Southbank Centre Welcomes Audiences Back With Summer Reunion Programme

Southbank Centre Welcomes Audiences Back With Summer Reunion Programme

The Southbank Centre today announces a four-month reopening programme, Summer Reunion – providing opportunities for people to reconnect, reunite and enjoy a colourful, joyful celebration of art, culture and entertainment.

The packed programme features ballet, classical music, contemporary music, literature, poetry and visual art. The reopening of the Southbank Centre and Summer Reunion programme is made possible thanks to the repayable loan from the government’s Culture Recovery Fund.

On 30 April the popular weekly street food market returns, alongside riverside pop-ups. The Hayward Gallery welcomes visitors back on Wednesday 19 May with free weekend entertainment outside the Royal Festival Hall from Friday 21 – 23 May. The Royal Festival Hall will reopen on Friday 28 May with socially-distanced performances in line with government guidance. The National Poetry Library will also open on 28 May while the popular Queen Elizabeth Hall Roof Garden is also set to open this summer.


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Summer Wheat’s new Waterfalls instillation in Charlotte NC


Artist Summer Wheat works on “Waterfalls,” was installed in January at 650 S. Tryon St., part of Lincoln Harris’ Legacy Union mixed-use development. Equal parts painting, sculpture and textile, the artwork stands nearly 21 feet tall. It’s an ode to North Carolina’s history of makers and celebrates that state’s female creators.

Brian Twitty Photography

The commission that Charlotte real estate developer Lincoln Harris gave to New York artist Summer Wheat wasn’t related to COVID-19. But because she worked on it during the lockdown of 2020, the pandemic seeped into her work.

The brilliant-hued “Waterfalls” — part painting and part sculpture — covers two walls in the central lobby of Legacy Union’s 650 S. Tryon St. building, an 18-story tower anchored by Deloitte’s Charlotte headquarters.

“This painting was made from a drawing I did over the summer next to a waterfall in Woodstock, New York,” she said. “I found this beautiful

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Questlove’s ‘Summer of Soul’ Takes Top Documentary Prizes at Sundance

“Summer of Soul” took both the audience prize & grand jury prize in the U.S. documentary section.

CODA has won the top award at the Sundance Film Festival, taking this year’s U.S. Grand Jury prize, while Questlove’s Summer of Soul won both the audience and grand jury prize in the U.S. documentary section.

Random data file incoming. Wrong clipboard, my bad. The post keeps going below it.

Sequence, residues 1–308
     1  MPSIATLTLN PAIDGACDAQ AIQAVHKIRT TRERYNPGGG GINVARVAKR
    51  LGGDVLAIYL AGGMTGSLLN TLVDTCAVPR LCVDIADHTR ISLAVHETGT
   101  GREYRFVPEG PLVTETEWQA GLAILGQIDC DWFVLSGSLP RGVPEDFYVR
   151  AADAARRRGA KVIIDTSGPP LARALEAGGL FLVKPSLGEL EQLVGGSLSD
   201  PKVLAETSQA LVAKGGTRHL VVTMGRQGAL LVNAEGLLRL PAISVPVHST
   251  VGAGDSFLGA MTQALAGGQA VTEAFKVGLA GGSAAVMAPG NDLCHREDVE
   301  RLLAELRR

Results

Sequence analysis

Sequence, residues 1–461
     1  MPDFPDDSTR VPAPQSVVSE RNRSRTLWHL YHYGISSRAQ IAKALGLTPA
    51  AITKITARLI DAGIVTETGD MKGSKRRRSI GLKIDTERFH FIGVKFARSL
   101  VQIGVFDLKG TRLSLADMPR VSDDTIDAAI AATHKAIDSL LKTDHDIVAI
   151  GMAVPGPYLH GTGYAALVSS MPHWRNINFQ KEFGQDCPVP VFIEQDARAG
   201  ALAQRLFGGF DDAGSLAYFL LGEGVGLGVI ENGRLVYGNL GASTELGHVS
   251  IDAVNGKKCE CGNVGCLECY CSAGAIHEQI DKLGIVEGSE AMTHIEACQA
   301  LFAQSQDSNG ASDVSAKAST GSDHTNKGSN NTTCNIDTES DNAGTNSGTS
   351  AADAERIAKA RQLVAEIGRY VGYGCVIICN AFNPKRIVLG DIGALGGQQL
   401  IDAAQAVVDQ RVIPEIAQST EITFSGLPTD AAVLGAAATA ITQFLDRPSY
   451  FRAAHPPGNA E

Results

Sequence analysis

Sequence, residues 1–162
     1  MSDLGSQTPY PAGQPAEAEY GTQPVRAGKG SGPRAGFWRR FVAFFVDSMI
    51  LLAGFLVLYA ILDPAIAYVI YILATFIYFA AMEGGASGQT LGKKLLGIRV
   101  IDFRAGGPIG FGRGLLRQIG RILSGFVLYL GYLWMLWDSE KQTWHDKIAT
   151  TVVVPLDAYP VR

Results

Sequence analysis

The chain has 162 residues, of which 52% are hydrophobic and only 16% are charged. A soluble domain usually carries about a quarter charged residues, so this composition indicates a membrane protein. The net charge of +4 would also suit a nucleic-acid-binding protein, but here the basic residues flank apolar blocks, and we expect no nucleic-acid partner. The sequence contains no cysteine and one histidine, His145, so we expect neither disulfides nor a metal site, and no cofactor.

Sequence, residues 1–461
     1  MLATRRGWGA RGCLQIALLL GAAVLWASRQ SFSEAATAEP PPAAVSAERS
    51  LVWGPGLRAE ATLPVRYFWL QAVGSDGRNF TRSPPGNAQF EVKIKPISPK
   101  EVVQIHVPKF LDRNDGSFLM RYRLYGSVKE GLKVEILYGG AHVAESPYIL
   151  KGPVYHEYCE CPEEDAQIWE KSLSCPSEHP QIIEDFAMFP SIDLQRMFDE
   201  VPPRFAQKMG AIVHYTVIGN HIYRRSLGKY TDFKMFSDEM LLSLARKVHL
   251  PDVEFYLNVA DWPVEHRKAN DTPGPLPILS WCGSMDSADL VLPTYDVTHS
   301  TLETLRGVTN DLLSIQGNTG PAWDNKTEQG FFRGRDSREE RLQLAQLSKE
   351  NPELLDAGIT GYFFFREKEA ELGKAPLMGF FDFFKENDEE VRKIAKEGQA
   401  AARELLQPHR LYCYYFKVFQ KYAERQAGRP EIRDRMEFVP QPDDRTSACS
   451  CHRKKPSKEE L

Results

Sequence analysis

CODA, which made headlines earlier in the fest for its record-breaking $25 million sale to Apple, took the dramatic audience award with Sian Heder taking the directing award for U.S. dramatic competition. “I hope that this opened the door to people getting that audiences want to see these kinds of stories,” said Heder of the title, which centers on a hearing teenage girl that is a child of deaf adults. “I hope that this means that more stories that center on deaf characters and characters with disability get put front and center.”

“I really wish there

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What to Read This Summer: A Symposium

Editor’s Note: Your plans may look different this year, but whether you’re vacationing or holed up at home, good books are equally necessary. We asked some well-read colleagues and contributors for their recommendations.

Richard Brookhiser
In my rural Elba I find it easiest to read old novels online. Stimulated by memories of the 1968 movie starring Julie Christie, I read Thomas Hardy’s Far from the Madding Crowd. It does not disappoint. The four main characters — Bathsheba Everdene and her three lovers, shepherd Gabriel Oak, farmer William Boldwood, and Sergeant Francis Troy — are sharply drawn, time and place lyrically evoked. Maugham complained of Hardy’s rustics. They do run on, but that’s what people in small worlds do. Rare for Hardy, there is only one character, Fanny Robin, mother of Troy’s child, who is an authorial punching bag; and there is even a happy ending.

The new book

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